You have to admit, tomatoes are a gift that just keeps on giving.  Whether chopped, sliced, diced, juiced, grilled, baked, fried, roasted or beaten to a pulp, tomatoes are anything but rotten.  In fact, tomatoes are right up there in the fab four of America’s most popular fresh-market vegetables just behind potatoes, lettuce, and onions.

Despite the popularity of the tomato, only 200 years ago it was thought to be poisonous in the U.S., likely because the plant belongs to the nightshade family, of which some species are truly poisonous.

Between 22-24 pounds of tomatoes are consumed each year by Americans but mostly in their processed form of sauce, paste, ketchup, and salsa.  This makes the tomato a very versatile and in demand product.  If you happen to have a garden, there’s an excellent chance a tomato plant is part of it as 93% of American gardens grow tomatoes. And right about now is when tomato season is in full summer mode.

Tomatoes can be grown in all 50 states and worldwide.  The largest producer of tomatoes is China, followed by the U.S., Turkey, India, and Egypt.  In the U.S., California produces 96% of all tomatoes processed with Florida being the number one producer of fresh market tomatoes.

No matter if you refer to a tomato as a fruit or vegetable, there is no doubt tomatoes are a nutrient-packed food most of us enjoy.

Here are some possible ways eating tomatoes can improve your health:

  • Cancer – Tomatoes are an excellent source of vitamin C and other antioxidants. These powerful compounds can fight against free radical formation known to be a possible cause of cancer
  • Prostate Cancer – It is well-known tomatoes are abundant in the special phytochemical called lycopene. Lycopene has been linked with prostate cancer prevention in several studies showing strong support for increased consumption of tomato products to lower the incidence of prostate cancer.  The cooked tomato products of tomato sauce and paste are particularly rich in lycopene.
  • Blood pressure – Tomatoes are naturally low in sodium but rich in potassium. A fresh, ripe tomato contains approximately 290 milligrams of potassium, which is important because of its vasodilation effects helping to lower blood pressure.
  • Heart health – The fiber, potassium, vitamin C and choline content of tomatoes all support heart health. Together, these important nutrients can make a difference to reduce the risk of cardiovascular disease.  Another vital nutrient tomatoes contain is folic acid which helps to keep homocysteine levels in check, thereby reducing a risk factor for heart disease.  The high potassium content is also associated with a reduced risk of stroke.
  • Diabetes – Fiber is a compound found in tomatoes that may benefit people with diabetes. Those with type 2 diabetes who regularly consume foods sources of fiber show improved blood sugar, lipids, and insulin levels.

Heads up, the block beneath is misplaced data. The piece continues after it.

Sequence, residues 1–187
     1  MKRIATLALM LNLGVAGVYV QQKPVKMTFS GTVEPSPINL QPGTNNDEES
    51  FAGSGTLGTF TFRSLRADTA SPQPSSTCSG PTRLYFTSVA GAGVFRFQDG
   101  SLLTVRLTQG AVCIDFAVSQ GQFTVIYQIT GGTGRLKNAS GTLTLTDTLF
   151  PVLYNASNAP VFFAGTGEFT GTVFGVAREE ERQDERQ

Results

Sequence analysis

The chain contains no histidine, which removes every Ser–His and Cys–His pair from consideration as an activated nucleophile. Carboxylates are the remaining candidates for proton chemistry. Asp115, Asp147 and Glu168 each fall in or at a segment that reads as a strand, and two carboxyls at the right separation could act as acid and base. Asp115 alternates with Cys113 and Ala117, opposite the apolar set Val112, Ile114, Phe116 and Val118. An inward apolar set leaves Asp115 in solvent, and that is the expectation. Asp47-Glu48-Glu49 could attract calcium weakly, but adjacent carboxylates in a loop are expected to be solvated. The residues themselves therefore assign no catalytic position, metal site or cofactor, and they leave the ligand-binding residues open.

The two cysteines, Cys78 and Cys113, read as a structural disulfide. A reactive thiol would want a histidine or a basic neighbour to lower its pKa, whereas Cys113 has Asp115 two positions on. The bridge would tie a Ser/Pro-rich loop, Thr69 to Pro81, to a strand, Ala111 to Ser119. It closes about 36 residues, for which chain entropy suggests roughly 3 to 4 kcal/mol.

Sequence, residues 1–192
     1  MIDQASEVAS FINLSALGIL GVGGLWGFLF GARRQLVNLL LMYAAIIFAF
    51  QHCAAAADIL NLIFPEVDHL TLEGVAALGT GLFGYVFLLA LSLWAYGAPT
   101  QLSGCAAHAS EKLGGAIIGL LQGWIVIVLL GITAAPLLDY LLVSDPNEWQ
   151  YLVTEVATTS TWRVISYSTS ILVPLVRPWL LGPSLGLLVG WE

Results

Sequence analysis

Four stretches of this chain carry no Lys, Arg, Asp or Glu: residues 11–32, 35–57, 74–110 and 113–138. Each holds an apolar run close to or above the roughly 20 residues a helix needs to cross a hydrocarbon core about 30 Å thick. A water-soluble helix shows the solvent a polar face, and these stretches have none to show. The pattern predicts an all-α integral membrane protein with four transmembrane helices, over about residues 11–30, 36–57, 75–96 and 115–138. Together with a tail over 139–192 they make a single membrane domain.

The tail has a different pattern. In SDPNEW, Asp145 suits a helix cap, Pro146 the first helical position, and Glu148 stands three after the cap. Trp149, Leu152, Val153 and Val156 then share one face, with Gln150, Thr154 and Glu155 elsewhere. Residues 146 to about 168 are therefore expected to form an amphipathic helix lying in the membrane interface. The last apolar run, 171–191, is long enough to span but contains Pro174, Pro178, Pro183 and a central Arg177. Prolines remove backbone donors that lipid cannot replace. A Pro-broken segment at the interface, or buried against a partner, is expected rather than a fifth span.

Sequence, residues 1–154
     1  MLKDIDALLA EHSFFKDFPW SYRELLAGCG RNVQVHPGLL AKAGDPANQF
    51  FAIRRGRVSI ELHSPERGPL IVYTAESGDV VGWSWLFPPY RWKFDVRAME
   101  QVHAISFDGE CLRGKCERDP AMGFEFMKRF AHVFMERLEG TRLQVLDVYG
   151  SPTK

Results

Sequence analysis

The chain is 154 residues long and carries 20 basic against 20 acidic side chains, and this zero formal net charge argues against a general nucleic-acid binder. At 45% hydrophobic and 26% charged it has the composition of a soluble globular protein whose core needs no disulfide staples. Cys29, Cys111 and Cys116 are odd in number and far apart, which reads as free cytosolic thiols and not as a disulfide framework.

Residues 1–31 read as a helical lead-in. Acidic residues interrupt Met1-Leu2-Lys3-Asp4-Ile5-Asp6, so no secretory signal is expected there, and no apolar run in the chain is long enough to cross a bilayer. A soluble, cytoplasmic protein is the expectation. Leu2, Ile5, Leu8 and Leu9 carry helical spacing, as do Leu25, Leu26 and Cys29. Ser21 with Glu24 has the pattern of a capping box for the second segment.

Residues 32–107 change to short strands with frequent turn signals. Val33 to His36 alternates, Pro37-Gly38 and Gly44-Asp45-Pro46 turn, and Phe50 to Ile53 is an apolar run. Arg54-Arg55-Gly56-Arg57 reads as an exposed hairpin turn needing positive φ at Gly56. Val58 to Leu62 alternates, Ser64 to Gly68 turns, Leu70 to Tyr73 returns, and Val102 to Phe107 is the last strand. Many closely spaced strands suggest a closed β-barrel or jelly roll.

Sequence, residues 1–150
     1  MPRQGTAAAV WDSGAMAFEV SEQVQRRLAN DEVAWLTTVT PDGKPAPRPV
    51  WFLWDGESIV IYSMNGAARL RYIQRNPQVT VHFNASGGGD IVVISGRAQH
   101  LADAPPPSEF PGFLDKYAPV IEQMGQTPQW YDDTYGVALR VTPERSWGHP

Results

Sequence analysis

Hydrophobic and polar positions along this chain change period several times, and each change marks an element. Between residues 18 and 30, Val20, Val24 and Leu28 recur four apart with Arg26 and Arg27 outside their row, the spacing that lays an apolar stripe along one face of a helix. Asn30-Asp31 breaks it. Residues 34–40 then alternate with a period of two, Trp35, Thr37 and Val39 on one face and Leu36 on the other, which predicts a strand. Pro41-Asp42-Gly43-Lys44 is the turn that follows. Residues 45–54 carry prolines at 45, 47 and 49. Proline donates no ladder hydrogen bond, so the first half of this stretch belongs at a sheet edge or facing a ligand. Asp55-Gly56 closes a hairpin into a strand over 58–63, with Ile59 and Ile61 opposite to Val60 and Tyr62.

• Constipation – Eating foods high in water and fiber like tomatoes help with hydration and promote regular bowel movements. Fiber adds bulk to our stools and is essential for minimizing constipation.
  • Eye health – Tomatoes are a rich source of lycopene, lutein and beta-carotene, all powerful antioxidants that have been shown to protect eyes against light-induced damage associated with the development of cataracts and age-related macular degeneration (AMD). A high intake of lutein and zeaxanthin, both carotenoids found in tomatoes, have been shown to have a 35% reduction in the risk of AMD.
  • Skin – Vitamin C is a well-known vitamin found in tomatoes. One important function of vitamin C is for the synthesis of collagen, an essential component of skin, hair, nails, and connective tissue.  This powerful nutrient is also associated with reducing the effects from damage from sunlight, pollution, and smoke that can lead to wrinkles, sagging skin, blemishes, and other skin issues.
Categories: Health

Cheryl Mussatto

Cheryl Mussatto, MS, RD, LD, is a registered dietitian with a master’s degree in Dietetics and Nutrition from the University of Kansas and a bachelor’s degree in Dietetics and Institutional Management from Kansas State University. She is a clinical dietitian for Cotton O’Neil Clinics in Topeka and Osage City, an adjunct professor for Allen Community College, Burlingame, Ks where she teaches Basic Nutrition, and is a blog contributor for Dr. David Samadi and nutroutine.com, an online market place connecting nutrition experts with customers worldwide. She can be contacted here.

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